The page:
Orson Welles Pornographer

Okay, I don’t have a lot of time as I’ve got to be crawling into bed in a bit, but I thought of this tonight and wanted to get it down before I forgot it.

This thread’s going to be discussing Welles’s Citizen Kane, and will contain spoilers, so if you’ve managed to somehow avoid finding out anything about the film and don’t want the movie spoiled for you before you watch it, then I suggest you leave. After all, it’ll ruin the experience if you find out that at the end Rhett leaves Scarlett! :wink:

Okay, so now that all the weenies have left, let’s get down to business. We all know that “Rosebud” was the nickname William Randolf Hearst had for his girlfriend’s clit. The standard story is that this was put into the film as jab at Hearst, and while I don’t disagree, I think that limiting it to solely that, misses an important subtext.

In every porn I’ve ever seen, there’s a character who has some kind of sexual “itch” that they need “scratched.” They then spend the rest of the movie in search of the perfect “scratcher.” CK details the pursuit of who/what “Rosebud” is, other than Kane’s last word. The people with the “itch” are the reporters, the “perfect scratch” is discovering what “Rosebud” is (the clit).

It’s important that “Rosebud” is Kane’s last word. According to experts on death and dying, right before you die, you get really horney. So Kane being a heterosexual is going to be thinking of female gentalia.

Now, in the movie, we know that the sled painted with the word “Rosebud” was given to Kane by his mother. This is symbolic of the time being spent in the womb. When Kane is given a replacement sled by his guardian (a male), Kane is unhappy. This is symbolic of Kane discovering masterbation.

Kane’s first marriage starts out happy, but soon deteriorates. Kane later goes to a warehouse where he’s stored his mother’s things, but never makes it there, encountering the woman who would first become his mistress and the later his second wife. We know, after watching the film, that the reason Kane was going to the warehouse was to retrieve “Rosebud.” Kane’s second marriage is as disasterous as his first, with the wife obviously wanting more than Kane was willing or able to give her. Eventually, she leaves him.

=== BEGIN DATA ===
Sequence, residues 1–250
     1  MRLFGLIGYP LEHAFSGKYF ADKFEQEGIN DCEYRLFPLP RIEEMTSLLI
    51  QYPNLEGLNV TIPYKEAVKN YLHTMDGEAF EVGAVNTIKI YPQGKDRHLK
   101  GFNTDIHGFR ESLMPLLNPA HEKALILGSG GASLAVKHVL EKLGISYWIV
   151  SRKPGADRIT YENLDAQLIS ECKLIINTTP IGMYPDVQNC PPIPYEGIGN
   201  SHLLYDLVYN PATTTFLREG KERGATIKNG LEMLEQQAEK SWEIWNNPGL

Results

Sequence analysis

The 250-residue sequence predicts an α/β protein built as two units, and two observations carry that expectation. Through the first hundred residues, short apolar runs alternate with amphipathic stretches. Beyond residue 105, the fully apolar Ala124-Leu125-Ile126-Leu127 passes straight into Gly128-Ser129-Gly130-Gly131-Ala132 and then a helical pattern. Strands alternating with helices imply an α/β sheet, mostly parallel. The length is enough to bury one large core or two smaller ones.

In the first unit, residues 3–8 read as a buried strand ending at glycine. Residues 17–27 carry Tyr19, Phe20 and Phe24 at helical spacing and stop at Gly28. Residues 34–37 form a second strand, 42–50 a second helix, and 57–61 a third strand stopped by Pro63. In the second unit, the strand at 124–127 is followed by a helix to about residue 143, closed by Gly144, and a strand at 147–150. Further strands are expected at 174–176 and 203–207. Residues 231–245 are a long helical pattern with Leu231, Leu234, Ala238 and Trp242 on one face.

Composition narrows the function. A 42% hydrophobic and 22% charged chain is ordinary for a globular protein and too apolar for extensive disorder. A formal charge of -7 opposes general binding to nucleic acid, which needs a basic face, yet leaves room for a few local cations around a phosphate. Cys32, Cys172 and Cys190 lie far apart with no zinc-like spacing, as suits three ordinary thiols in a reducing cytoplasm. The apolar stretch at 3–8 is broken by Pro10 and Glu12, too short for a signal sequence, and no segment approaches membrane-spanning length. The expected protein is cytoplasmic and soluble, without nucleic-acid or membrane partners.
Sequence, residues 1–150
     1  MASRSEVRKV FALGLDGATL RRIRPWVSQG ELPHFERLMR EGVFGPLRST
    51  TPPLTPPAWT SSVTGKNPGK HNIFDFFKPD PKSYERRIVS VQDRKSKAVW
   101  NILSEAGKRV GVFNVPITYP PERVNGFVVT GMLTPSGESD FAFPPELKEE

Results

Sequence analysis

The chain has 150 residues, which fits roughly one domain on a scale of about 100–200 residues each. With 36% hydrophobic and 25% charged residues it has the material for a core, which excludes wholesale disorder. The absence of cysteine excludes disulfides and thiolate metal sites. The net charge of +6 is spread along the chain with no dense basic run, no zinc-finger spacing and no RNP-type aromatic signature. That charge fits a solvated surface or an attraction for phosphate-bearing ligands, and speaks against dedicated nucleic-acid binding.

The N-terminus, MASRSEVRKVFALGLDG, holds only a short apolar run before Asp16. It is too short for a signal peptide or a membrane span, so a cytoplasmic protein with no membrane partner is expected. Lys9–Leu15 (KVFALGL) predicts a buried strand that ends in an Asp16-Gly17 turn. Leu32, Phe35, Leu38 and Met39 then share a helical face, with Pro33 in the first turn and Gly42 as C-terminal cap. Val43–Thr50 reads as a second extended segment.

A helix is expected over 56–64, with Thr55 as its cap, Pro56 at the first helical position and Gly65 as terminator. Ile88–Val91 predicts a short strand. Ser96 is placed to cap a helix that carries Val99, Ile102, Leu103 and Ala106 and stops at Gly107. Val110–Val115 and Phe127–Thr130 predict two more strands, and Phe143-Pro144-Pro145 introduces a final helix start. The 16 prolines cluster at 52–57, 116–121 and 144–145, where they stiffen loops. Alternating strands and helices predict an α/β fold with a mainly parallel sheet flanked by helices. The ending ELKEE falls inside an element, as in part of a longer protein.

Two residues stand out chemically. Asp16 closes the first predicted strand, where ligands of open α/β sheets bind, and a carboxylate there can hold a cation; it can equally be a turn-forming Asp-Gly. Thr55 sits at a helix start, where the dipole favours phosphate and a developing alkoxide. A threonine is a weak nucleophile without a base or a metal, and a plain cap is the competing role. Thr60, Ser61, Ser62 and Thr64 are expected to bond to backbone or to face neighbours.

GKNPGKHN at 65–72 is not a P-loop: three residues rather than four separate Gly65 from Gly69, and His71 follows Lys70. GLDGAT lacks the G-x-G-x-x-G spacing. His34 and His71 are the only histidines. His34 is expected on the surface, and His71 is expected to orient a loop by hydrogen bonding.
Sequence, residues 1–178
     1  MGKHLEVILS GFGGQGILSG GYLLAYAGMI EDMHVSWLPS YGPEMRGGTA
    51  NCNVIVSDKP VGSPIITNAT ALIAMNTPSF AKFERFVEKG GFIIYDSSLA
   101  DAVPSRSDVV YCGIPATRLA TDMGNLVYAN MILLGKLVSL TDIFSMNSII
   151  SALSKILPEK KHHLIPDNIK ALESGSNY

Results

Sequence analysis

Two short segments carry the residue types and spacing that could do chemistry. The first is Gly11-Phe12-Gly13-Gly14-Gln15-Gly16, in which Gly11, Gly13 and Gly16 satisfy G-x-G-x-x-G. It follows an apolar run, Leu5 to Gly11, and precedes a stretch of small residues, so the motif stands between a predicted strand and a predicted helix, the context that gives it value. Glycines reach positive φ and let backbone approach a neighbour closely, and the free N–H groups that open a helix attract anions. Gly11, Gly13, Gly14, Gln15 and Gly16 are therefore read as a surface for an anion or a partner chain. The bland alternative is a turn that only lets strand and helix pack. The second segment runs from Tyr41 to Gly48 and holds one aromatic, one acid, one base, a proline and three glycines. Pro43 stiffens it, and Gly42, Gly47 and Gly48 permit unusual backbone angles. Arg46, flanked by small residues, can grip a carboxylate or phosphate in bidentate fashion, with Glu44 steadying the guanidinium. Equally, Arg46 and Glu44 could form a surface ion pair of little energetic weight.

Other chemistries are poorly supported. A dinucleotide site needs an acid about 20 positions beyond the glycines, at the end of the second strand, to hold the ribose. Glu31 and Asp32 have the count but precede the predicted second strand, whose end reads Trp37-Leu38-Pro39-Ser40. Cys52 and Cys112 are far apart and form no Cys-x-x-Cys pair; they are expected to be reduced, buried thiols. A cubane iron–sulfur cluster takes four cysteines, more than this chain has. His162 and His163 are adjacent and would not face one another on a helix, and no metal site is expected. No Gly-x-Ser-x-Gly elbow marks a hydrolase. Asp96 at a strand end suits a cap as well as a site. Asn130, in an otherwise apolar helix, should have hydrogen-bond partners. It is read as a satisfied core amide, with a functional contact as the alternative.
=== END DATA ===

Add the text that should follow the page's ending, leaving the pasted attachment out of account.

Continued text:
Intercutting all of this, are male reporters intent on knowing who or what “Rosebud” is. The women in the film don’t seem to be all that obsessed with “Rosebud.” That’s obviously because they already know what “Rosebud” is.

The source of Kane’s unhappiness in the film is that he no longer has “Rosebud” and despite trying, he’s unable to rediscover it. Kane’s fall from grace is all because he can’t find the clit!

My cat’s breath smells like catfood.

My dog’s breath smells like catfood too.

You’ve combined two distinct ideas; Rosebud=Marion Davies’ clitoris and Rosebud=lost mother’s love. However these two aspects of Charles Kane’s personality did not arise from a common source. The clitoris aspect was written by Mankiewicz and was based on his insider’s knowledge of William Hearst’s life. But the abandonment aspect came from Welles and was based on his own childhood (Hearst’s mother doted on her son). So it’s unlikely that the dual nature of Rosebud you theorize exists was an intentional creation; more likely is that two different men had two distinct ideas about what Rosebud was.

Uh, can’t really comment other than that someone should please, please change the title of this thread to “Orson Welles: Pornographer.” I saw the title as it is now and got images of a chubby, naked Welles doing money shots and shrieked like the girls from Heavenly Creatures and now I just have to go lie down and try to think of anything, anything else.

As Freud said, “Sometimes a cigar is just a cigar.” I would add, that sometimes, a sled is just a sled. :smiley:

No doubt, Welles would have been a great pornographer if he has been so inclined, though.